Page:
We use cookies on this site to enable your digital experience. By continuing to use this site, you are agreeing to our cookie policy. close


  • June 4, 2018

    7th Circ. Says Expert Necessary To Sue Teva Over Broken IUD

    The Seventh Circuit agreed with an Indiana federal judge Monday in finding that a woman whose intrauterine contraceptive device broke apart during removal needed expert evidence to bring product liability claims against Teva North America, saying problems with the device are not obvious.

  • June 1, 2018

    Feds Want Spoofing Victim Notification Page On DOJ Website

    The U.S. government asked an Illinois federal judge Friday to let it stray from typical crime victim notice procedures and use a website to tell people about a man’s alleged role in a spoofing scheme, saying the number of potential victims in the case makes it impossible notify all individually.

  • June 1, 2018

    Senior Home, Kronos Can't Shake Ill. Biometric Privacy Suit

    An Illinois federal judge has refused to nix a putative class action accusing Smith Senior Living and its time clock supplier, Kronos, of violating the state's biometric privacy law by requiring Smith employees to scan their fingerprints, finding that the disclosure of a former employee's biometric data to Kronos created a concrete injury sufficient to establish standing.

  • June 1, 2018

    Attys Sanctioned Over Possible Fraud In HDMI Cable Suit

    A California man and his lawyers who have asserted his standing to intervene in a class action over allegedly misleading HDMI cable packaging have one week to show an Illinois state court judge the photo he’s claimed for more than a year proves his eligibility to oppose its settlement.

  • June 1, 2018

    BofA Call Center Staff Say They're Stiffed On Log-In Time

    Bank of America was hit with a proposed class action in Illinois federal court Friday filed by employees of its customer service call centers who say they weren’t paid overtime for work they had to do off-the-clock.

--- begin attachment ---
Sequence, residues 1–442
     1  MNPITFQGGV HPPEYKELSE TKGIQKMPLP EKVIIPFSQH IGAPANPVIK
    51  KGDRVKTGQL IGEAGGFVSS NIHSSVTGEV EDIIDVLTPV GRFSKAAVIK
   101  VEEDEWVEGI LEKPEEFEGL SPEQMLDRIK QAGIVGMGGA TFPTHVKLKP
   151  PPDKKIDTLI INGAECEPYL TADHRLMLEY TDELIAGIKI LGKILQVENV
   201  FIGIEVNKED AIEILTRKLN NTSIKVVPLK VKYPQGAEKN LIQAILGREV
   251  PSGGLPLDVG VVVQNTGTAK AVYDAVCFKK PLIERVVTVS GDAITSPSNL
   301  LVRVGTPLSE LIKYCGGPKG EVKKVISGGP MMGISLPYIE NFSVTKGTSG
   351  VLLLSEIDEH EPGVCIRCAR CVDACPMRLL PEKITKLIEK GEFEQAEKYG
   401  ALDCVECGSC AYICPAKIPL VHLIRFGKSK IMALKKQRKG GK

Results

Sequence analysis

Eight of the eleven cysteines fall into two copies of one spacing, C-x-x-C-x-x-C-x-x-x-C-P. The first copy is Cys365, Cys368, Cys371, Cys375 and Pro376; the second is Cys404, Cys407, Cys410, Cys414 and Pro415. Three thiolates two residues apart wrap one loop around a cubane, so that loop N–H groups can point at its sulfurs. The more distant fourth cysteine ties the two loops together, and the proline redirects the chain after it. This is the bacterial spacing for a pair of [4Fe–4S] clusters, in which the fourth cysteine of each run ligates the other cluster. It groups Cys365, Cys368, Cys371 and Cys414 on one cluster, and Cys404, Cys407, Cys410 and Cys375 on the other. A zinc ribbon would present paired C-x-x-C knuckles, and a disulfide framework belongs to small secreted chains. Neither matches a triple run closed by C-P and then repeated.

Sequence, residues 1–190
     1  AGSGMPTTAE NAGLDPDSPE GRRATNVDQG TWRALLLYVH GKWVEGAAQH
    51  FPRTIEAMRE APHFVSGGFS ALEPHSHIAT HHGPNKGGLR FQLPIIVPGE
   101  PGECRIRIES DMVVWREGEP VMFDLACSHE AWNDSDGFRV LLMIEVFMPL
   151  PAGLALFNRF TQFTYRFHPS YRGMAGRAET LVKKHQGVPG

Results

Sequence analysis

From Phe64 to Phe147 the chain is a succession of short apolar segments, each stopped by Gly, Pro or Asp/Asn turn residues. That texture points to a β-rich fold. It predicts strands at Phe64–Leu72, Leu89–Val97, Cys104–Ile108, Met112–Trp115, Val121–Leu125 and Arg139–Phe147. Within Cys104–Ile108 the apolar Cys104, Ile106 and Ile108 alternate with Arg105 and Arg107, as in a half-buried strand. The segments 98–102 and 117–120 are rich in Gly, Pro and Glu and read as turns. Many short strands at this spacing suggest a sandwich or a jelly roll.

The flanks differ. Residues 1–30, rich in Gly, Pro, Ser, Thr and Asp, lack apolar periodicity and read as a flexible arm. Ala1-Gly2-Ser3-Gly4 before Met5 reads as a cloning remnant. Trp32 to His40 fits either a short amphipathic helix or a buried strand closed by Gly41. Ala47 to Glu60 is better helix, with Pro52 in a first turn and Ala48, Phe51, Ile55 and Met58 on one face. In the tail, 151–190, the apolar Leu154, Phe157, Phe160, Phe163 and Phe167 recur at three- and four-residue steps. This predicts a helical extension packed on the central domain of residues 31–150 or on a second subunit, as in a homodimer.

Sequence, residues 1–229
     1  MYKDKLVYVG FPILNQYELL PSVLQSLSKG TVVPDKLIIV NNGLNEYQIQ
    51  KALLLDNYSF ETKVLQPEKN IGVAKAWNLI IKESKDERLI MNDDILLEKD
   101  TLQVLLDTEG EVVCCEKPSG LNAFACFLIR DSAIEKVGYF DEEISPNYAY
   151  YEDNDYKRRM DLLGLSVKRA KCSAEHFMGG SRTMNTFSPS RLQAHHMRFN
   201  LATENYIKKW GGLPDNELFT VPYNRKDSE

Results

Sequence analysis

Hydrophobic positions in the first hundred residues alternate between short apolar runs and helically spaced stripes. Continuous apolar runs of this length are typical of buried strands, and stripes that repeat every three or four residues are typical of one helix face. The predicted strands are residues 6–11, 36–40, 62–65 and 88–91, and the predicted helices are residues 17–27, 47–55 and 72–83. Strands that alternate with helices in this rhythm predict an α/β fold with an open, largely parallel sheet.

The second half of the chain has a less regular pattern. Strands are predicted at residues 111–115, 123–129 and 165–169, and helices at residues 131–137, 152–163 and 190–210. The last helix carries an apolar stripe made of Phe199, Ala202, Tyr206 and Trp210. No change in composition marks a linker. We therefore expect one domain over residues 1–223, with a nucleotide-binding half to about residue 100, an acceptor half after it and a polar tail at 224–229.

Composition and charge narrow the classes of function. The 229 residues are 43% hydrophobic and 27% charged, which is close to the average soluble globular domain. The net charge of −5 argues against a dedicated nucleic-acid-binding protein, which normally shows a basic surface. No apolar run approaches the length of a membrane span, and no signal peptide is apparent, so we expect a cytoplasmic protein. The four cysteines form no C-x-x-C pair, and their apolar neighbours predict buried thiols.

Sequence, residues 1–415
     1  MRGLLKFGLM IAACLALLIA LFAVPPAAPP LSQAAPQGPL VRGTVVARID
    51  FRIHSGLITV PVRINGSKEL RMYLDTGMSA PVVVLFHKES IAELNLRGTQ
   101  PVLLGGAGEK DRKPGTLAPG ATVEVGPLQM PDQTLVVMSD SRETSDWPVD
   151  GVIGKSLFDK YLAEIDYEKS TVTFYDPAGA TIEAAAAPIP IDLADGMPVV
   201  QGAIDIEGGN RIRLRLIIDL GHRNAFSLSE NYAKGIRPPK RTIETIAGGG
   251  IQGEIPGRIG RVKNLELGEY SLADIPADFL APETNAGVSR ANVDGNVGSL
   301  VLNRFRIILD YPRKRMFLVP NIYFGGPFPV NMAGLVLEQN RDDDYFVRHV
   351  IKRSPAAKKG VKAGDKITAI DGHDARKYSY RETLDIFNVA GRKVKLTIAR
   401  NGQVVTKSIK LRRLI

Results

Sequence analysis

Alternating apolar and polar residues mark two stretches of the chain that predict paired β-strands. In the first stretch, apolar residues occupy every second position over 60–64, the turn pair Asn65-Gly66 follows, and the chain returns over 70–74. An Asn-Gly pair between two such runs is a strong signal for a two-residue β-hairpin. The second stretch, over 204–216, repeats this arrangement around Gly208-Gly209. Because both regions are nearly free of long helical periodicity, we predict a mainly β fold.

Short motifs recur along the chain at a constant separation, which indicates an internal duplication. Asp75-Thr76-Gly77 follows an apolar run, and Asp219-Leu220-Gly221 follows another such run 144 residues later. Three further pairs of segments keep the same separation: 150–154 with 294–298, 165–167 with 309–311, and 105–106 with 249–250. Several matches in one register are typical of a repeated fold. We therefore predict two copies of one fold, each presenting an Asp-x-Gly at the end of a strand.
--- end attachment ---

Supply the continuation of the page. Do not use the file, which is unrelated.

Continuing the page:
• June 1, 2018

    Illinois Bell Seeks To Arbitrate TCPA Suit Over Autodialers

    Illinois Bell Telephone Co. and an AT&T affiliate have urged an Illinois federal judge to force its dispute with a consumer into arbitration, arguing that his claims of receiving allegedly illegal phone calls fell under the arbitration provisions of his internet service contract.

  • June 1, 2018

    Whistleblower Allegedly Filed Doc Mocking Hastert Atty

    Counsel for former U.S. Speaker Dennis Hastert told an Illinois federal judge on Thursday a would-be whistleblower who accused Hastert of misusing federal funds filed documents with the court in which he secretly altered Hastert’s attorney Christian Poland’s name to “Christina.”

  • May 31, 2018

    Speedway Ill. Biometric Privacy Suit Remanded Over Standing

    An Illinois federal judge on Thursday granted a former Speedway LLC employee’s request to return to state court his proposed class action accusing the gas station operator of violating the state’s biometric privacy law by illegally gathering worker fingerprints, saying the alleged injuries weren’t sufficient to confer federal court standing.

  • May 31, 2018

    Ill. Court OKs Doc's Win In Botched Tonsillectomy Trial

    An Illinois appellate panel has affirmed a jury's decision to clear a doctor of malpractice in a suit accusing him of botching a woman's tonsillectomy, which purportedly caused difficulty swallowing and a speech impediment, saying there was sufficient evidence supporting the verdict.

  • May 31, 2018

    States Say EPA Isn't Limiting Landfill Emissions Under Rule

    A coalition of states including California, Pennsylvania and Illinois sued the U.S. Environmental Protection Agency in federal court on Thursday, alleging it has violated the Clean Air Act by failing to impose an Obama-era regulation limiting emissions from municipal landfills.

  • May 31, 2018

    Facebook Privacy Suits' Grouping In Calif. Eyed By JPML